Nick Saban, Gary Pinkel reflect on Don James' death
Posted by: Chris Vannini on Monday October 21, 2013
Hall of Fame coach Don James passed away Sunday due to pancreatic cancer, but his legacy and teachings have lived on through many former players and colleagues. He was 80 years old.
James was the winningest coach in Washington history, capturing a share of the 1991 national championship. Before going to Seattle, he spent four years at Kent State in his first head-coaching role.
There, he coached Nick Saban and Gary Pinkel, who both later worked for him. After James’ passing, the two reflected on his impact. Saban called James one of the most influential people in his life.
“We probably all have three or four significant people in our life that you say having a relationship with this person really impacted the direction of my life, the quality of my life,” Saban said at his Monday press conference. “A lot of personal decisions I made philosophically, the way you live your life, the way you do your job, all kinds of things get affected by those people, Don James was certainly one of those people for me. I have as much respect for him as a person and as a coach, the job that he did, the organization he has.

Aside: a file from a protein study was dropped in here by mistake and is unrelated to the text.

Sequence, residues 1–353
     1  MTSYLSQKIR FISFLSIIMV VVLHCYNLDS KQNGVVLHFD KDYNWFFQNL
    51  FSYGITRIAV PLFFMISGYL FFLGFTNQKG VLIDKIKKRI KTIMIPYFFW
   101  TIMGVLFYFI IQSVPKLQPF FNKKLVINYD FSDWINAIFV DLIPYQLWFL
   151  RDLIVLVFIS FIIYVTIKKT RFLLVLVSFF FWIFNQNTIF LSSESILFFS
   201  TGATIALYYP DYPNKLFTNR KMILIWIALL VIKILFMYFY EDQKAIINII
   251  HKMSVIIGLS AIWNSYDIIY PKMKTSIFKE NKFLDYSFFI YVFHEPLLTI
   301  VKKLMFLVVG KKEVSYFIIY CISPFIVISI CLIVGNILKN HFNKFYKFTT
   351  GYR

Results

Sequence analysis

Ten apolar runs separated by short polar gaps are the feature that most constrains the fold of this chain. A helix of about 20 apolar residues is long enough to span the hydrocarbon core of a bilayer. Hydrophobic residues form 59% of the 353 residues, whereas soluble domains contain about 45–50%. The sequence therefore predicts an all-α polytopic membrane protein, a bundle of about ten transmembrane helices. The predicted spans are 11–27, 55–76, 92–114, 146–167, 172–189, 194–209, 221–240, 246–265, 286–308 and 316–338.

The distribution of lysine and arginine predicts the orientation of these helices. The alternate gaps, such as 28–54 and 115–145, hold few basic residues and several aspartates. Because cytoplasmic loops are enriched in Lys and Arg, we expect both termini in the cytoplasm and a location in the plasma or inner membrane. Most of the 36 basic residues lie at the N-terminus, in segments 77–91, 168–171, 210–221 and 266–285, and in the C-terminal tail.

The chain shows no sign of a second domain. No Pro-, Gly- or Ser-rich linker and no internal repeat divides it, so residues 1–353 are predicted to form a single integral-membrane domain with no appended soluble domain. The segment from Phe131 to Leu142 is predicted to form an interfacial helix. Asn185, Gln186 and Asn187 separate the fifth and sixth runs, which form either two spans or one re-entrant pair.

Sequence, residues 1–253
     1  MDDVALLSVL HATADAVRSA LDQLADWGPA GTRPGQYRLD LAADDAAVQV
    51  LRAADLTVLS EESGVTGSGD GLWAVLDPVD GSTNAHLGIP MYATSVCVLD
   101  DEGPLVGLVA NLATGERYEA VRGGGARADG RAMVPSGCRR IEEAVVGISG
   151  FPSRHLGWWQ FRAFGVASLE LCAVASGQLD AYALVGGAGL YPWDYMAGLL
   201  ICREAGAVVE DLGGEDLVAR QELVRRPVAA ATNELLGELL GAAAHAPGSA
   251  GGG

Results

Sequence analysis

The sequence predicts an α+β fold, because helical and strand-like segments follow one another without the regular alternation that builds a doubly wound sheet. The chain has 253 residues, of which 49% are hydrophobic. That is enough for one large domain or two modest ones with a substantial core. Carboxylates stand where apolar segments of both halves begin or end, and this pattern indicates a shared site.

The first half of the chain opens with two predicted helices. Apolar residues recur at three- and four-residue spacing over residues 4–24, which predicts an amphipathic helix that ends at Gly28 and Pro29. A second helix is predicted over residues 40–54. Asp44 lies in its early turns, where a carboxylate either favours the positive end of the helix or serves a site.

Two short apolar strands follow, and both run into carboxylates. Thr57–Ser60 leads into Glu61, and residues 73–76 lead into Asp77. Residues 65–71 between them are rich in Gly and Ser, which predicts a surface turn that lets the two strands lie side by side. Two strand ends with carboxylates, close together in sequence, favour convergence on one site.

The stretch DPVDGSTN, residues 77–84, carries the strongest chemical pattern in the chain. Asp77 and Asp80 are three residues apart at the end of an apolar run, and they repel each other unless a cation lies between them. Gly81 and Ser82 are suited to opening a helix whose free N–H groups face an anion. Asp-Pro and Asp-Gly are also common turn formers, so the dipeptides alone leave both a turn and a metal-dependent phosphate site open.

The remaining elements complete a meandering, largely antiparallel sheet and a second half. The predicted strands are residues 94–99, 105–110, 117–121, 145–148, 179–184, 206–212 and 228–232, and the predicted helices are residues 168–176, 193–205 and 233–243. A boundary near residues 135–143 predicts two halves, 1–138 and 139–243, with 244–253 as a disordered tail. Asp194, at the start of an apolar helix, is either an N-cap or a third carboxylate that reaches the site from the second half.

“To this day, a lot of the things I learned being a graduate assistant and player for him are still things that we implement in our program philosophically. I spoke to him a couple weeks ago and told him that. He kind of laughed about it. I said, ‘I used to hate to run progressives at Monday practice. Our players hate it too, but we still do it.’ That’s something I did as a player we still do now.
“There are a lot of things like that, whether it’s recruiting, how to manage players, the whole idea of trying to help the players be successful as people, really probably came from Coach James and to try to develop a program that helps them do that, the discipline to do that all came from him. Our thoughts our prayers are certainly with he and his family.”
Pinkel released a statement on his website and credited all of his success to James.
“It’s hard to put into words how much it hurts to lose a man like Don James,” Pinkel wrote. “He was my coach, my mentor, my friend, and he had such an amazing influence on my life, both personally and professionally. The program we built at Toledo and here at Missouri is Don James’ program, it’s a tribute to how he developed men and built football teams.
“This is a tough, tough day, and I’m so sorry for his wife, Carol, and the James family, as well as the entire Washington Huskies family. Coach James was a legend, and if I’m remembered for anything, I hope that it might be that I helped carry his legacy forward.”
Update: Here is Sark talking about Don James.